• The term “nucleic acid molecule”, as used herein, is intended to include DNA molecules and RNA molecules. A nucleic acid molecule may be single-stranded or double-stranded, but preferably is double-stranded DNA. [0044]
  • The term “isolated nucleic acid molecule”, as used herein in reference to nucleic acids encoding antibodies or antibody portions (e.g., VH, VL, CDR3) that bind hTNFα, is intended to refer to a nucleic acid molecule in which the nucleotide sequences encoding the antibody or antibody portion are free of other nucleotide sequences encoding antibodies or antibody portions that bind antigens other than hTNFα, which other sequences may naturally flank the nucleic acid in human genomic DNA. Thus, for example, an isolated nucleic acid of the invention encoding a VH region of an anti-hTNFα antibody contains no other sequences encoding other VH regions that bind antigens other than hTNFα. [0045]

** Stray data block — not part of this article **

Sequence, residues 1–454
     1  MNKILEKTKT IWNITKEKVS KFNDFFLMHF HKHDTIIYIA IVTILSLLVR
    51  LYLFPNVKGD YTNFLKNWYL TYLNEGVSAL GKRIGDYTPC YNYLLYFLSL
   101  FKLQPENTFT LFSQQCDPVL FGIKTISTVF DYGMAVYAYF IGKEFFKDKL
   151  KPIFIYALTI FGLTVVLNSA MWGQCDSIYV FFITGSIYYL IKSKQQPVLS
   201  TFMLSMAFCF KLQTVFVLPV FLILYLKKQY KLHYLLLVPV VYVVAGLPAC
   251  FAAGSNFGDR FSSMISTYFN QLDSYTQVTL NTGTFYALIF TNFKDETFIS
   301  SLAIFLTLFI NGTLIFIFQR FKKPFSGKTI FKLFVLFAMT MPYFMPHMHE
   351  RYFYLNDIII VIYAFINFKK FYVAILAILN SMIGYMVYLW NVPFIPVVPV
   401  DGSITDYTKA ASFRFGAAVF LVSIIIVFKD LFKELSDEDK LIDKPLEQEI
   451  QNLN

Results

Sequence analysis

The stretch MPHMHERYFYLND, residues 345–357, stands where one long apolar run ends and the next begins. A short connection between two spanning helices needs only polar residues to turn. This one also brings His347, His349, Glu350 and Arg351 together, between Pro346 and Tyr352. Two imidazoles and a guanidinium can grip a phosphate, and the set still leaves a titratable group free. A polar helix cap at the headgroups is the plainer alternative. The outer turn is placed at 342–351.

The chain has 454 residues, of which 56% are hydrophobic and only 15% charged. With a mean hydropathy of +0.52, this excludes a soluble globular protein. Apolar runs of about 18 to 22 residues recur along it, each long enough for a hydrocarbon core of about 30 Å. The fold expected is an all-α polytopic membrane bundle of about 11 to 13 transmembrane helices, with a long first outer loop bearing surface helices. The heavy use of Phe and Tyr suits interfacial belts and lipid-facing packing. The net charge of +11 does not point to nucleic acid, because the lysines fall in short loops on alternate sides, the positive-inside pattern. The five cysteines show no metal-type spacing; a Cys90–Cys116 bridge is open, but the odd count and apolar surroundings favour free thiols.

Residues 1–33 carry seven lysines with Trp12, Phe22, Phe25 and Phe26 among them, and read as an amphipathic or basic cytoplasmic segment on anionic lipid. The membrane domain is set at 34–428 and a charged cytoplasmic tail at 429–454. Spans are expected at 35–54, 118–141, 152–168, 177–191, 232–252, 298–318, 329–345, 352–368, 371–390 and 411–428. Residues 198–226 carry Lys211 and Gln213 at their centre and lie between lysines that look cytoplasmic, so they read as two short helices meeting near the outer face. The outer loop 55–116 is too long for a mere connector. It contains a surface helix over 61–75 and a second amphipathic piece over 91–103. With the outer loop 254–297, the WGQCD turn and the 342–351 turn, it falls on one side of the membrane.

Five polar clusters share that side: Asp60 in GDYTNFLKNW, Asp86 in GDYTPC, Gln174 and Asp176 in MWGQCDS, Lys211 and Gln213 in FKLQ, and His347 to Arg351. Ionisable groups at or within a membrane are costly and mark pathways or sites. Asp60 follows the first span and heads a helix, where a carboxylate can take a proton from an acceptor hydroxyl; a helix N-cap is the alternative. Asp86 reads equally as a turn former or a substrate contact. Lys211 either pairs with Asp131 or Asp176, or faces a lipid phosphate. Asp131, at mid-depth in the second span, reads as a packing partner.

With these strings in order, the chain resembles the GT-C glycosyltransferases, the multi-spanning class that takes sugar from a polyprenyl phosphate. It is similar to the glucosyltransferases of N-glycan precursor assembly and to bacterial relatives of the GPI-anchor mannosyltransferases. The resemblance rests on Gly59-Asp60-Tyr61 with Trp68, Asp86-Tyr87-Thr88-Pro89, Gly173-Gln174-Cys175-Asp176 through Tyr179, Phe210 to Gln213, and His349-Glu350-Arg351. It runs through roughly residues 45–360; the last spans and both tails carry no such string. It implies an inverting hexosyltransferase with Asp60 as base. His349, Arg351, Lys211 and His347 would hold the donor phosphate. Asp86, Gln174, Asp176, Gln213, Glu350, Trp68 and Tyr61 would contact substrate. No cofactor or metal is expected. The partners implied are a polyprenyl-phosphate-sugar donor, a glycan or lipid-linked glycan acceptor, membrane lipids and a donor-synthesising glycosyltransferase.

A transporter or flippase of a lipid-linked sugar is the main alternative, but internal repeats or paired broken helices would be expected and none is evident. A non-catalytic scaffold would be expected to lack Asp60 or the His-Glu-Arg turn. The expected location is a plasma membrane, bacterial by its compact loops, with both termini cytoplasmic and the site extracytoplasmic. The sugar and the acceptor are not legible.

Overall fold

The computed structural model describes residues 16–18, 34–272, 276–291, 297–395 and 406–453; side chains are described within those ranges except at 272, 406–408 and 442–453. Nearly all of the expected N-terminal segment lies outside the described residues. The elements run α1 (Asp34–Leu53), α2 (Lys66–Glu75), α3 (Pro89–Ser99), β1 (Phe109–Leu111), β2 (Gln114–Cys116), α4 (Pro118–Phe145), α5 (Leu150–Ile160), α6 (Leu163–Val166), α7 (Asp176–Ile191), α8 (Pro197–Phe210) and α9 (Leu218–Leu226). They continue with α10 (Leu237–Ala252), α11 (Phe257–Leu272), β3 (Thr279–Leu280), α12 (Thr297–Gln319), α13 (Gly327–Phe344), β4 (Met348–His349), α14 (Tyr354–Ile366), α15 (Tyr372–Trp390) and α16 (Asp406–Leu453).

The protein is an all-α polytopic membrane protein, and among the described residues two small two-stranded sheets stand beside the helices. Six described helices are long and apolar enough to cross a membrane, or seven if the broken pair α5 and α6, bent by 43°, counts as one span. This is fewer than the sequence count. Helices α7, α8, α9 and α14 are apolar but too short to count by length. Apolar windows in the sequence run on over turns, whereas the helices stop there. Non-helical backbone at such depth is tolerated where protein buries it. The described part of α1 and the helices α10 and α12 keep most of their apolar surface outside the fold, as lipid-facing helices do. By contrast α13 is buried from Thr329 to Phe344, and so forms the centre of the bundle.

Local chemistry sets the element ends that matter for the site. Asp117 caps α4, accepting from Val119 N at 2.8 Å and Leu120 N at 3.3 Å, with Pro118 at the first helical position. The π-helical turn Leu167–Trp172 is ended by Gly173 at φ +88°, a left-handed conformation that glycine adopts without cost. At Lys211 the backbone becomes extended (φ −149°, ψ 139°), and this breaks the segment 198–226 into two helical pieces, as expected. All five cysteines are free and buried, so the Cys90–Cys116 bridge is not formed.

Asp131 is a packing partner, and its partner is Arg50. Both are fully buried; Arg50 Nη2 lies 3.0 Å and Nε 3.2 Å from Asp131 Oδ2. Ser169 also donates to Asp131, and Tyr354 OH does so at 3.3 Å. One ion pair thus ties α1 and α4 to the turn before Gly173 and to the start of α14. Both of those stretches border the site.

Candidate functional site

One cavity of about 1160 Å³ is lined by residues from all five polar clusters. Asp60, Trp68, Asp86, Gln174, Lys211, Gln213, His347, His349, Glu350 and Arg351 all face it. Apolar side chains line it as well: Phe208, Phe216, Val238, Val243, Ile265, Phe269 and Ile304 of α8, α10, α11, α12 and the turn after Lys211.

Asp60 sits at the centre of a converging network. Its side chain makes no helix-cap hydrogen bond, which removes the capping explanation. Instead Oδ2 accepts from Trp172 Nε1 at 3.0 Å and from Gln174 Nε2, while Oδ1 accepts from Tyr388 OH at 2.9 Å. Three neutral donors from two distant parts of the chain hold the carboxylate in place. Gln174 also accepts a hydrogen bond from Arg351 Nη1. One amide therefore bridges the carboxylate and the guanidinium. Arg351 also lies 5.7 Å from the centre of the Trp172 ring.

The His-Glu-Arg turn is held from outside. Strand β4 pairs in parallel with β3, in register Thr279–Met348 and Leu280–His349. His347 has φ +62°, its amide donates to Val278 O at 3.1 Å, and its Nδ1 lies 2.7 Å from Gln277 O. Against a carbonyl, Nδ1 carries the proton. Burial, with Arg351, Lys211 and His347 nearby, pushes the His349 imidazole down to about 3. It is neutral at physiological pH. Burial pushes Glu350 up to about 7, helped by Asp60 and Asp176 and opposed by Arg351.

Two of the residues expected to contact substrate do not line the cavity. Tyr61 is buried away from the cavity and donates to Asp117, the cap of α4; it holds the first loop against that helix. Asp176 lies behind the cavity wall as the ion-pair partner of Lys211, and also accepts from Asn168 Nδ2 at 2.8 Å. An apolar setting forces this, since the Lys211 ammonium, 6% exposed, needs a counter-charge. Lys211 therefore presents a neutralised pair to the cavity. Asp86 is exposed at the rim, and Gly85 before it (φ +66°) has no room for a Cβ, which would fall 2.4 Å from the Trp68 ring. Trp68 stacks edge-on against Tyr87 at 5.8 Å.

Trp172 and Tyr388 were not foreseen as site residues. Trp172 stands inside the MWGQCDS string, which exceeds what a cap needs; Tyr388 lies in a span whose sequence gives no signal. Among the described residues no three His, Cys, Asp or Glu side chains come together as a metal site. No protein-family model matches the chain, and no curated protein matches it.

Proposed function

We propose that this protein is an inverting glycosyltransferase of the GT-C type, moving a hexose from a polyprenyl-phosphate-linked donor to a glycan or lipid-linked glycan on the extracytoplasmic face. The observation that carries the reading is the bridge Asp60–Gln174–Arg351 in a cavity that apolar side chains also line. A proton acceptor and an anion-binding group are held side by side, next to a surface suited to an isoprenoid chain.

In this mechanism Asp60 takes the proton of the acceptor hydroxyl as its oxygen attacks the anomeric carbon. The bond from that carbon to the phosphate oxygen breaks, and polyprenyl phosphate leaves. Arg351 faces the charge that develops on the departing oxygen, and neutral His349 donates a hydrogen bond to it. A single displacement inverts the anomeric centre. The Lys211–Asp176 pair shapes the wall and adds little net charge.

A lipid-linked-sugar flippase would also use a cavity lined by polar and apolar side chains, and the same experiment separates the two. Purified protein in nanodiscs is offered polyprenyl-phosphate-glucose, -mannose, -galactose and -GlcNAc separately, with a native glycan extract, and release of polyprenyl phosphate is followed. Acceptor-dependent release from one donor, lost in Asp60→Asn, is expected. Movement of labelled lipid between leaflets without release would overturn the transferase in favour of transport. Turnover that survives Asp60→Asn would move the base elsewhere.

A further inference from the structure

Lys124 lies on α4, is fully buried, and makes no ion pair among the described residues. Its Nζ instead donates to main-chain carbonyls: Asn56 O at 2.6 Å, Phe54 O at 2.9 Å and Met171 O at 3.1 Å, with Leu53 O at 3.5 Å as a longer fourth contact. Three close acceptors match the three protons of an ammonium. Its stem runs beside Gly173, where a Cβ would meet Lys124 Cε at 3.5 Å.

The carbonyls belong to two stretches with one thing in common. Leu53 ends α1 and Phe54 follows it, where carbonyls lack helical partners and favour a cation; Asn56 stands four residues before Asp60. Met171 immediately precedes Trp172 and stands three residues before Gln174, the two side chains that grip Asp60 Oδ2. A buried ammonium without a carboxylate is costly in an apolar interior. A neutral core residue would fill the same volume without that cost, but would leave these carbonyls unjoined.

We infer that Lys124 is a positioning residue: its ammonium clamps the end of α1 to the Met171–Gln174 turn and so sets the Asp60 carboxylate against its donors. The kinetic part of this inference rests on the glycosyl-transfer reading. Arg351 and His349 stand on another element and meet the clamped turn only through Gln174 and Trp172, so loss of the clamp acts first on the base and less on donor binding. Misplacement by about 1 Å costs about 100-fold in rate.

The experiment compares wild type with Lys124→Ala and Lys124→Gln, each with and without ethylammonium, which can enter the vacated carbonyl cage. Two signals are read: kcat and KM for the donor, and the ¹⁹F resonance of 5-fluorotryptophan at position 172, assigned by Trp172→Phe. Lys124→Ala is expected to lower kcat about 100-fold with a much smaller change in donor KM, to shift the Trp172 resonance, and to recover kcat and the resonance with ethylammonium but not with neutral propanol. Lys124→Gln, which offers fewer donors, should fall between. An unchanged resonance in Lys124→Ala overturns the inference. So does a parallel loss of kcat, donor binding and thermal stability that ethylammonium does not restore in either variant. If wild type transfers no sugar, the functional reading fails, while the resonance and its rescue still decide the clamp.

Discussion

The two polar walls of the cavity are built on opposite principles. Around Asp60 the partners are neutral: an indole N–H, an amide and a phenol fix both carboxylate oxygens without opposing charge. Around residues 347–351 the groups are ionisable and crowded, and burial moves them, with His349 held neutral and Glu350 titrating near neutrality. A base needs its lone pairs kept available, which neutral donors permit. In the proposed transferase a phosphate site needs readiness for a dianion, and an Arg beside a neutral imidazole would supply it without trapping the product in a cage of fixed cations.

• The term “vector”, as used herein, is intended to refer to a nucleic acid molecule capable of transporting another nucleic acid to which it has been linked. One type of vector is a “plasmid”, which refers to a circular double stranded DNA loop into which additional DNA segments may be ligated. Another type of vector is a viral vector, wherein additional DNA segments may be ligated into the viral genome. Certain vectors are capable of autonomous replication in a host cell into which they are introduced (e.g., bacterial vectors having a bacterial origin of replication and episomal mammalian vectors). Other vectors (e.g.,non-episomal mammalian vectors) can be integrated into the genome of a host cell upon introduction into the host cell, and thereby are replicated along with the host genome. Moreover, certain vectors are capable of directing the expression of genes to which they are operatively linked. Such vectors are referred to herein as “recombinant expression vectors” (or simply, “expression vectors”). In general, expression vectors of utility in recombinant DNA techniques are often in the form of plasmids. In the present specification, “plasmid” and “vector” may be used interchangeably as the plasmid is the most commonly used form of vector. However, the invention is intended to include such other forms of expression vectors, such as viral vectors (e.g., replication defective retroviruses, adenoviruses and adeno-associated viruses), which serve equivalent functions. [0046]